End of part 1. Coming in Part 2 – Use this one weird trick to map all the points on a plane to all the points on a line.

The Dilettante – Different Types of Infinity

Different Types of Infinities (Wherein I will try to convince you that there are different types of infinities, and that some are ‘bigger’ or ‘more abundant’ than others.)

I’m going to concentrate on showing that integers and real numbers fall into two different categories of infinity. This is an informal proof, meaning that it lacks the rigor that would qualify as a proof for a mathematician, but should (hopefully) be convincing to a layperson. If you are interested in delving deeper, I recommend starting with this video by Vi Hart.

The guy who did the breakthrough work in the mathematics of infinity was Georg Cantor. Before Cantor came along infinity was taken to be a single concept of numbers going on forever, but Cantor showed that the picture was much more complicated and weird. In fact, some of the leading mathematicians of Cantor’s day rejected Cantor’s work and pilloried him.

The Proof

First, integers can be seen as a special case of real numbers that have all zeros after the decimal. We typically ignore the decimal when writing down integers, but another way to write the number 5 is 5.00000000000000… and 3843974937 is 3843974937.00000000000000… (the ellipses “…” denote that the zeros repeat forever). You can see in this diagram that the integers are a subset of the rationals which are in turn a subset of the reals. So, although both sets are infinite, one is a subset of the other.

Now, let’s look at a line segment (i.e. a line of finite length) on the number line, even the smallest line segment we can imagine, will encompass an infinity of real numbers, but only 0 or a finite number of integers.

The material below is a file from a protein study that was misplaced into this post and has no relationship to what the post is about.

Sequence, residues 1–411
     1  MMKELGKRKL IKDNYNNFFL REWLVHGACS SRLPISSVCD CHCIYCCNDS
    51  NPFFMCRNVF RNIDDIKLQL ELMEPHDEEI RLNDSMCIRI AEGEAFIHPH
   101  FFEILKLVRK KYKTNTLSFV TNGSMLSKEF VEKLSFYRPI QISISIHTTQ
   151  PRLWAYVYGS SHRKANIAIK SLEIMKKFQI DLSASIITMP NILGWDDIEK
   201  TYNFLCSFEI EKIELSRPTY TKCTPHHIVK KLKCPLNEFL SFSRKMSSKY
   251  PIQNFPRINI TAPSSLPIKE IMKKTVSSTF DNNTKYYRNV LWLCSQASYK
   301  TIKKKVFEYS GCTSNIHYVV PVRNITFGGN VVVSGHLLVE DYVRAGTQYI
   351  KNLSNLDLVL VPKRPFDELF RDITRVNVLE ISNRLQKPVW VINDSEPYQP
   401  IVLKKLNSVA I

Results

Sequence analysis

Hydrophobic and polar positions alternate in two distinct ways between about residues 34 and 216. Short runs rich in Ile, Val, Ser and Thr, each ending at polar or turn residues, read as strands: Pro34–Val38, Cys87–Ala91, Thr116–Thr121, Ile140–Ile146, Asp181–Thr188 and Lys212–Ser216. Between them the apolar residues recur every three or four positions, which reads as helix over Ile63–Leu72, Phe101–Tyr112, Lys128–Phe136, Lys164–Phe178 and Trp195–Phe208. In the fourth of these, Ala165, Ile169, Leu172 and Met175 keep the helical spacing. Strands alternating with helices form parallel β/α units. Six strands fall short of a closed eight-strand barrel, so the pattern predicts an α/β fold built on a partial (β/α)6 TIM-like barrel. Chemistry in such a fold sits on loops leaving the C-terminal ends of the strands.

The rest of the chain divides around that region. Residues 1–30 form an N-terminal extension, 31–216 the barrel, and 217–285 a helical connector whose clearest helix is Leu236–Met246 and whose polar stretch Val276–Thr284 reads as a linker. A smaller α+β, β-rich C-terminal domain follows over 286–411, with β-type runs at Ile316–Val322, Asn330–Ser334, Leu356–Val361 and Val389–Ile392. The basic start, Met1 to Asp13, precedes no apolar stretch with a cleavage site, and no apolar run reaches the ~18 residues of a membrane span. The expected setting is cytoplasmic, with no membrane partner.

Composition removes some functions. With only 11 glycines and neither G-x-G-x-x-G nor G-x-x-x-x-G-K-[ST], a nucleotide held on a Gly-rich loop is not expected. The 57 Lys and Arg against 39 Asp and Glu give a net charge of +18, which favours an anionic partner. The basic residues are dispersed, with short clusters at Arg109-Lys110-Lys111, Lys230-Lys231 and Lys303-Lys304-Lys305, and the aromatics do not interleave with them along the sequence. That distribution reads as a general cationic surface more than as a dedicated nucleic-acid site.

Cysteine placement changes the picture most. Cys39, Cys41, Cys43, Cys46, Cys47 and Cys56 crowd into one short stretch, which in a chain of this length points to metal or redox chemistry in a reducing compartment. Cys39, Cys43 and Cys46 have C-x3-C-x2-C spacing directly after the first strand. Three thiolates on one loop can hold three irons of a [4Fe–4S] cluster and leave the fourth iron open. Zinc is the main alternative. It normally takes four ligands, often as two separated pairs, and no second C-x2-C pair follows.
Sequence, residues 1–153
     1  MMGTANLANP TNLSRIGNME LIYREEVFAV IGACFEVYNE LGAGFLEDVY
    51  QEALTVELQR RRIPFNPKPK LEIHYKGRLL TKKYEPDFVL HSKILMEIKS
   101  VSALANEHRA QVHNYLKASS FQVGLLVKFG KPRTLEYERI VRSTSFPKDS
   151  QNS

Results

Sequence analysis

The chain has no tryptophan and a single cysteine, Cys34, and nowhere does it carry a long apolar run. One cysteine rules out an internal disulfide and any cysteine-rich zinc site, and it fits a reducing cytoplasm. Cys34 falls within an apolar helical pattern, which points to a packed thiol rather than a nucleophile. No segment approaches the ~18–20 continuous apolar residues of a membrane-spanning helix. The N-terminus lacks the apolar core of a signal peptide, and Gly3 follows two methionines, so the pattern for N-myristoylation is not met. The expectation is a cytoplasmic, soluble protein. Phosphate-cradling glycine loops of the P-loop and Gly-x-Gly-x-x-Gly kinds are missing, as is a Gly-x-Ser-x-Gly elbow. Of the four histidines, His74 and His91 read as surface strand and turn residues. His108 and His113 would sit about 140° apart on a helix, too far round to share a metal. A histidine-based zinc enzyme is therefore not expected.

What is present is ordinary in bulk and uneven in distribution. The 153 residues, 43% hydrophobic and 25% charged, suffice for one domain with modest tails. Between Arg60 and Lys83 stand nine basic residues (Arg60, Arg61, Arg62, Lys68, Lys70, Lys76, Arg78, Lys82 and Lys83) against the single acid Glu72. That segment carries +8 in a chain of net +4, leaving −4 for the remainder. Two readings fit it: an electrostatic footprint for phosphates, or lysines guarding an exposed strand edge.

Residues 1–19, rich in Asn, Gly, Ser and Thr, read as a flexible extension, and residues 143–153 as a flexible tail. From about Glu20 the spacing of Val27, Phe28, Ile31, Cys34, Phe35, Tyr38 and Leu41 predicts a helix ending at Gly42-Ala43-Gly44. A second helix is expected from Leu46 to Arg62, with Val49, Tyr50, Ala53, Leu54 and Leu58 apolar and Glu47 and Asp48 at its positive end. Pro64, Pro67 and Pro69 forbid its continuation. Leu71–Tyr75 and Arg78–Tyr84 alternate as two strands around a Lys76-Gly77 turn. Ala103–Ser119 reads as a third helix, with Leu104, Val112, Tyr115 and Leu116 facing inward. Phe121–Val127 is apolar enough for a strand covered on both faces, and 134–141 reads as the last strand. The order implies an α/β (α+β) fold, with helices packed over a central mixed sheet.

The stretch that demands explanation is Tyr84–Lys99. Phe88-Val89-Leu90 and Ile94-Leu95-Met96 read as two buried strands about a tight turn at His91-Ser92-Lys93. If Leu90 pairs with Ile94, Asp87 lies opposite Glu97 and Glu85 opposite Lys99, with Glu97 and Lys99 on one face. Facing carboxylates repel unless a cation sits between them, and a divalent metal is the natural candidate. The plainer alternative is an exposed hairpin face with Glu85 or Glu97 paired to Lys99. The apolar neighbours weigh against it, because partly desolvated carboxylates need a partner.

For example, this line segment from 3.10… to 3.20… contains 0 integers, but an infinity of real numbers, including the irrational number, π (3.1415926…).

Num Line 1

This line segment, from 1.0… to 1,000,000.0… contains 1,000,000 integers, and an infinity of real numbers.

Num Line 2

Cantor developed several proofs, including the diagonal argument, showing the one to one relationship between integers and rationals, and also how the reals cannot be put into a one to one relationship with the integers. There are plenty of websites and videos that explain this concept. So, I’m going to present my own ‘cinematic proof’:

Imagine your are in a desert that stretches to the horizon in all directions. Each grain of sand represents a real number, and you are searching for the sand grains that are integers. You are about to pass out from the heat when you see something in the distance. It starts as a dot wavering in the heat waves but eventually you can make out that it’s a person on camelback. Eventually, Omar Sharif is standing before you. He presents you with an easy to follow map to the location of all the integers in the desert, and a scoop that can be adjusted in size to scoop as many of the integers as you want. When you scoop the sand and sift out the integers, you wind up with a small pile, and the sand you discard is a dune that piles up to the sky. That is how the integers and real numbers relate to each other.